The road to year-end
The road to year-end
25 September 2020 | Melanie Mingas
With a global pandemic, major geopolitical developments, bankruptcies, landmark legal events in europe and a global recession, the first half of 2020 packed in more than the last decade... And there’s still another half to complete. Melanie Mingas explores the outlook to year end and the factors that could shape the industry.
Could Europe become a hotspot for M&A activity?
Mergers and acquisitions (M&A) are a natural part of recession and, with many major economies across the world now in one, the likelihood of M&As
will only increase.
“Absolutely! In traditional industries, the corona-crisis will have a major negative impact on EBITDA,” says Anders Borg, senior adviser to IPsoft and Sweden’s former minister for finance.
“This may force companies to undertake urgent strategic reviews. In many sectors, not least financial and telecoms, competition from both start-ups and tech giants is pushing new thinking and breaking down barriers. Therefore, incumbent companies may look to merge and revitalise their businesses via closer ties with digital leaders,” he adds.
Yet, events in Europe in H1 could see a global trend take a local angle, after the European Commission u-turned on its decision to block Hutchison’s Three from merging with Telefónica’s O2.
“The clear overall takeaway is that this u-turn makes it easier to get deals past merger watchdogs, making the EU more attractive for global telco deal-making,” says Virna Rizzo, from law firm Cohen Amir-Aslani, Globalaw. The result, she adds, is that it could be harder for the commission to block transactions on competition grounds, even in cases where the market is already “relatively concentrated”.
She continues: “The judgment will have significant implications regarding the circumstances in which the Commission can decide to prohibit transactions that do not create or strengthen a ‘dominant’ player. However, given the implications for merger control policy, and the legal test to be applied, we expect the Commission to appeal this judgment before the Court of Justice.”
There are further concerns the UK could become a hotspot for IP dispute cases, following the Supreme Court’s decision in the Unwired Planet vs Huawei and Conversant vs Huawei and ZTE cases.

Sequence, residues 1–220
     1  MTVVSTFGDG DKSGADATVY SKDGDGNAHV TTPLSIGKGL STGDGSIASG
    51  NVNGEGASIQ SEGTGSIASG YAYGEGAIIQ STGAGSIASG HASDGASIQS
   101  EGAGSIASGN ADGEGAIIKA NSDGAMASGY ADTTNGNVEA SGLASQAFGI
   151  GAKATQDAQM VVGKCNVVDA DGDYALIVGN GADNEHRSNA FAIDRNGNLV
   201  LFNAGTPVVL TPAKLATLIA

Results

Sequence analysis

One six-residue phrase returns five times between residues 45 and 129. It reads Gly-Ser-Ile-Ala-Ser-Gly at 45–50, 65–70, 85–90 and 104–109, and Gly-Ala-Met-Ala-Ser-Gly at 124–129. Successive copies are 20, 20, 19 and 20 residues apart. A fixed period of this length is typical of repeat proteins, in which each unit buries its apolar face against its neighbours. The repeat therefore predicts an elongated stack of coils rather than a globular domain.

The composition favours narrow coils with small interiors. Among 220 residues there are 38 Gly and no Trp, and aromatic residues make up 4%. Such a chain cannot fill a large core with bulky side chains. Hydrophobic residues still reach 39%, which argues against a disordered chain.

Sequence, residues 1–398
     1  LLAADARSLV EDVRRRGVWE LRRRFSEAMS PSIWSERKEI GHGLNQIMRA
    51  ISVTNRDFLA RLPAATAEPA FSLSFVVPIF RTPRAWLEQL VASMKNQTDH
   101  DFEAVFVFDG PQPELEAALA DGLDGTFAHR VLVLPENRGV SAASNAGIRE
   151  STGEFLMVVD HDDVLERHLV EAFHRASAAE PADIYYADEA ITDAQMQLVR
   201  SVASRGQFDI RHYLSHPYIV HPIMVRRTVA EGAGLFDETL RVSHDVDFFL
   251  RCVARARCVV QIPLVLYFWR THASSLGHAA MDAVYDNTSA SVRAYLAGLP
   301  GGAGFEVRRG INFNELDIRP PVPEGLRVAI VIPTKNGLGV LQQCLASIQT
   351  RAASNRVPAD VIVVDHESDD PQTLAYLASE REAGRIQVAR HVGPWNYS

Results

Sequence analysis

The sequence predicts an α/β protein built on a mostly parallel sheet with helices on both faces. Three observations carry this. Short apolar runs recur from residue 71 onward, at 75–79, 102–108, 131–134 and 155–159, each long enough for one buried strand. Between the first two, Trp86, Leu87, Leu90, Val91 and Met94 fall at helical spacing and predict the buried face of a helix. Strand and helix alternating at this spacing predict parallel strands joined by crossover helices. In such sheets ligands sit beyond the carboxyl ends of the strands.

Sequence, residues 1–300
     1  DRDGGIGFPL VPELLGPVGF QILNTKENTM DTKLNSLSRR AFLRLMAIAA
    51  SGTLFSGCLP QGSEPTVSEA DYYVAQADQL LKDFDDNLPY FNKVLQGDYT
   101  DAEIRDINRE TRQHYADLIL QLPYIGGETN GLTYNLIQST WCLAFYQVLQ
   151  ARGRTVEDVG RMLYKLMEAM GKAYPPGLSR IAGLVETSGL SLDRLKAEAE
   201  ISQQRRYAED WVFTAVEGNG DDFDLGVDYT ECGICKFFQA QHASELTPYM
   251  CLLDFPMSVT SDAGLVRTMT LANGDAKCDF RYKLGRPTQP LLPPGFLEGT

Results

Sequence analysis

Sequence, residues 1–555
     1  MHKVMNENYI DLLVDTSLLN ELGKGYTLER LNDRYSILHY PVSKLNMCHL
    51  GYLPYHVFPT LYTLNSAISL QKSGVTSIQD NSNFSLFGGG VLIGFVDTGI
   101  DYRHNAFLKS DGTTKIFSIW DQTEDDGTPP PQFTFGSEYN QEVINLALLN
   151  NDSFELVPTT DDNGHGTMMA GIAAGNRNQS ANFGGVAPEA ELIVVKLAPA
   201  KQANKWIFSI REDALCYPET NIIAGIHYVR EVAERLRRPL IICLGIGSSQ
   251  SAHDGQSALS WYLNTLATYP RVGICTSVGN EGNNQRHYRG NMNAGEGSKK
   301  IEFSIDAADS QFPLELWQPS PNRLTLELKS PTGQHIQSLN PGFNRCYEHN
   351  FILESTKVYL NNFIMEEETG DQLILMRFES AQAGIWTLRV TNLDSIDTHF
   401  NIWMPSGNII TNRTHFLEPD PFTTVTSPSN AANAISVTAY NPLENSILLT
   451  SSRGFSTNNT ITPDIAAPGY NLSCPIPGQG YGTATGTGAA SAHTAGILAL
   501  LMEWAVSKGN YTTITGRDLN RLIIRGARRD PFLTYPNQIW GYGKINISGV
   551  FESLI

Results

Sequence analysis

Dr Roya Ghafele, from OxFirst, acted as an economic advisor in the decision and said: “What impact such a rise in patent litigation could have on consumers remains to be seen.
“For sure, many technology companies will be carefully considering whether to maintain their market position in the UK.”
After all, she adds, in future those who do maintain a presence in the country could end up being faced with the choice of either “exposing their international licensing practices to the English Courts or risk being shut down in the UK”.
China, Hong Kong and the US
Geopolitical tensions took a turn in H1, as China passed its “security law” in Hong Kong, granting police, among other things, the power to intercept communications.
While France, Germany, the US and others have made their feelings known through their various extradition treaties, in industry terms the fallout echoed throughout and the impact on telcos is still trickling down.
Telstra, which invested in the Hong Kong America’s cable in 2018, has pledged its allegiance while committing to protect customer data, but the EU will limit technology exports that could be used for “repression or surveillance”.
It was the Union’s first response to the new law and the “sanctions” as Reuters termed it, include trade curbs and a “review of visa arrangements”.
According to further reports in August, the latest twist is that even Hong Kong’s exports will now be labelled “made in China” when sold to and within the US, with tariffs a prospect at the time of writing.
On the Huawei front, the US and UK will be on the market for new equipment from alternative vendors, with India and Brazil also now considering bans and strip-out projects on national security grounds.
Bullish outlook for data centre investment
The data centre space has surpassed expectations year to date, with the value of related M&A deals in the first 16 weeks of this year reaching an aggregated deal value of US$15 billion — higher than the 2019 full year total.